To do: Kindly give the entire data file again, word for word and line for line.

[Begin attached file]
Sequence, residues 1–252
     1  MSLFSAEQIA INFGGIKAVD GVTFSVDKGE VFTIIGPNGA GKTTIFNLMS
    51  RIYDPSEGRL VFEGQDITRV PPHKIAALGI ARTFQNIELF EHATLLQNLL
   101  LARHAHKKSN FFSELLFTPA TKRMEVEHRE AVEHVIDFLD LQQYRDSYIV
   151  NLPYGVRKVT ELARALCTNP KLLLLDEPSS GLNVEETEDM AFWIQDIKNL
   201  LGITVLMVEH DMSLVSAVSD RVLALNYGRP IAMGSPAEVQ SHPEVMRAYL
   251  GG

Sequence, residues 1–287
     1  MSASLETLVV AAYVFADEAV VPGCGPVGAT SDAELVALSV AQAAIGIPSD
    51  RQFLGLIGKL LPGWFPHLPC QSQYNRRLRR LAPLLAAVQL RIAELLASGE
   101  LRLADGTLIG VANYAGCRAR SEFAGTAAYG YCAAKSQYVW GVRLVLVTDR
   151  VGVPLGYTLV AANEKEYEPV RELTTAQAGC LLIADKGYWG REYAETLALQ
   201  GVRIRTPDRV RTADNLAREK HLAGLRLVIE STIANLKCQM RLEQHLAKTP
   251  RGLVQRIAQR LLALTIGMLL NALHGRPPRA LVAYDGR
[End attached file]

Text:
Sequence, residues 1–252
     1  MSLFSAEQIA INFGGIKAVD GVTFSVDKGE VFTIIGPNGA GKTTIFNLMS
    51  RIYDPSEGRL VFEGQDITRV PPHKIAALGI ARTFQNIELF EHATLLQNLL
   101  LARHAHKKSN FFSELLFTPA TKRMEVEHRE AVEHVIDFLD LQQYRDSYIV
   151  NLPYGVRKVT ELARALCTNP KLLLLDEPSS GLNVEETEDM AFWIQDIKNL
   201  LGITVLMVEH DMSLVSAVSD RVLALNYGRP IAMGSPAEVQ SHPEVMRAYL
   251  GG

Sequence, residues 1–287
     1  MSASLETLVV AAYVFADEAV VPGCGPVGAT SDAELVALSV AQAAIGIPSD
    51  RQFLGLIGKL LPGWFPHLPC QSQYNRRLRR LAPLLAAVQL RIAELLASGE
   101  LRLADGTLIG VANYAGCRAR SEFAGTAAYG YCAAKSQYVW GVRLVLVTDR
   151  VGVPLGYTLV AANEKEYEPV RELTTAQAGC LLIADKGYWG REYAETLALQ
   201  GVRIRTPDRV RTADNLAREK HLAGLRLVIE STIANLKCQM RLEQHLAKTP
   251  RGLVQRIAQR LLALTIGMLL NALHGRPPRA LVAYDGR